Making sure your kids get enough sleep is crucial for their health and wellbeing, and it takes more than setting your kid up with one of the best mattresses for teenagers. When your children are young, it’s relatively easy to schedule regular naps and enforce early bedtimes to increase the odds that your child enjoys adequate rest. But as kids turn into adolescents, it can be tough to ensure your teenager gets enough sleep.
As any parent of an adolescent can tell you, teenagers have minds of their own. What’s more, they tend to have busy social lives, demanding academic schedules, and commitments to extracurricular activities that can take up lots of time and limit your teenager’s ability to get enough sleep.
That’s bad news, because teenage bodies have an intense need for rejuvenation. Teenagers’ brains and bodies are still developing, which means they have higher sleep needs than adults. And when teens don’t get enough sleep, it can result in several negative repercussions.
So what’s a concerned parent to do? Here’s what you need to know about how much sleep a teen needs — plus how to help your teen get sufficient rest each night.
How Much Sleep Do Teenagers Need?
Teenagers need more sleep than adults and even preteens.
The American Academy of Sleep Medicine (AASM) recommends that teens ages 13 to 18 get 8 to 10 hours of sleep each night, compared to 7 to 9 hours for adults and 9 hours for preteens.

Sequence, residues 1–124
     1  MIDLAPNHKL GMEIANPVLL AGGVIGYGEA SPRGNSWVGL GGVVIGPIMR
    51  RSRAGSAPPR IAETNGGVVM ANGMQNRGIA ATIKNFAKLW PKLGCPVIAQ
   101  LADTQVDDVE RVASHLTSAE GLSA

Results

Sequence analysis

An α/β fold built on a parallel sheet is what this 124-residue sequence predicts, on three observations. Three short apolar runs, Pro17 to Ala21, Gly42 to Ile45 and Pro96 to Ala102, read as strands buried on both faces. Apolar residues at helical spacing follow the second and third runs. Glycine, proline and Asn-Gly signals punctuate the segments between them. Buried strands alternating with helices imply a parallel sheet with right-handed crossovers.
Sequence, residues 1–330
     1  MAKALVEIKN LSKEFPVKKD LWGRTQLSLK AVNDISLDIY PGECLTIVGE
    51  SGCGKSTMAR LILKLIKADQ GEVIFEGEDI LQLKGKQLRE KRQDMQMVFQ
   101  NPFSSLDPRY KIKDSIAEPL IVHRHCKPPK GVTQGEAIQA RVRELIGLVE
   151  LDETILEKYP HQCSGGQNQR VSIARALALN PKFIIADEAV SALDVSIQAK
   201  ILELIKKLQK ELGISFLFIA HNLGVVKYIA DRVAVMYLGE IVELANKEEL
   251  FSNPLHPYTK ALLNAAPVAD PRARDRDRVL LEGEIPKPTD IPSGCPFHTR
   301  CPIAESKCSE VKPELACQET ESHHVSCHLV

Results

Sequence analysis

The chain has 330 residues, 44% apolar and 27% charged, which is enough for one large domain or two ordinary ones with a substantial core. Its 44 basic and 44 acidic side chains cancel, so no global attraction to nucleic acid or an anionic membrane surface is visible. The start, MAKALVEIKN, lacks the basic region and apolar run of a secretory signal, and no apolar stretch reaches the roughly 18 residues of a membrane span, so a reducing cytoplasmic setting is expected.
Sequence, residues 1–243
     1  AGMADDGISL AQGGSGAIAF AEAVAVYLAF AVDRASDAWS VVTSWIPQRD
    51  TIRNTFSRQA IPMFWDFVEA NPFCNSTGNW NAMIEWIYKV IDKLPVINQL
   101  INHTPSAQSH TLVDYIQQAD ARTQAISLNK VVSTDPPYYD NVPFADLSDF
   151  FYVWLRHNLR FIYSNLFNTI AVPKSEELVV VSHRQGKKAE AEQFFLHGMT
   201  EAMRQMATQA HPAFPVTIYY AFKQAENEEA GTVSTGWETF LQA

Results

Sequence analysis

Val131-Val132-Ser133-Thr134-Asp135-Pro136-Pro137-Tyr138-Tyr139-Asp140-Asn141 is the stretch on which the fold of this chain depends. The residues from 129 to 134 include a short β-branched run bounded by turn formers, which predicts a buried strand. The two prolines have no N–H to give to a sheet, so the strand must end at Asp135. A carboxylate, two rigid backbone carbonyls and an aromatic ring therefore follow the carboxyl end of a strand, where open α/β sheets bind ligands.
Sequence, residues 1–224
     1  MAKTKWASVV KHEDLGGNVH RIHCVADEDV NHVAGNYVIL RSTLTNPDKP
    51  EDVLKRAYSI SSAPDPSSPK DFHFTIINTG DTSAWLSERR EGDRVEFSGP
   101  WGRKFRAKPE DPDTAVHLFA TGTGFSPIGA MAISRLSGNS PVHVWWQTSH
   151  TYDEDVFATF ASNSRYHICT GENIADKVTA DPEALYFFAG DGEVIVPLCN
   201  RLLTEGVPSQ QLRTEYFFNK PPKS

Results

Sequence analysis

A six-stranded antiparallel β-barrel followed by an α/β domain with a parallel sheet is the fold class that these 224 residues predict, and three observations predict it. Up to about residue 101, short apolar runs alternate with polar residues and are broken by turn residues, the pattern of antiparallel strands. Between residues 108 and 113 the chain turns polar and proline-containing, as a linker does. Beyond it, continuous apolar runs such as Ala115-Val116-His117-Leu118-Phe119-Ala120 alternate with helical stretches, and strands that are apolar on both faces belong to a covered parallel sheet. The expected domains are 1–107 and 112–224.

Why do teens need so much sleep? Put simply, it’s because they are growing — both mentally and physically. “Teenagers are going through a second developmental stage of cognitive maturation,” the Johns Hopkins site explains. “Additional sleep supports their developing brain, as well as physical growth spurts.”
Unfortunately, many teens are not getting the minimum recommended amount of sleep on an average night.
According to Nationwide Children’s Hospital, teens usually get an average of between 7 and 7.25 hours of sleep each night. This is notably less than the recommended nightly amount of eight to 10 hours.
In a 2016 study, the Centers for Disease Control and Prevention (CDC) analyzed data from 50,370 high school students in grades 9 through 12. They found that 69 percent of the respondents had fewer than eight hours of sleep on an average school night.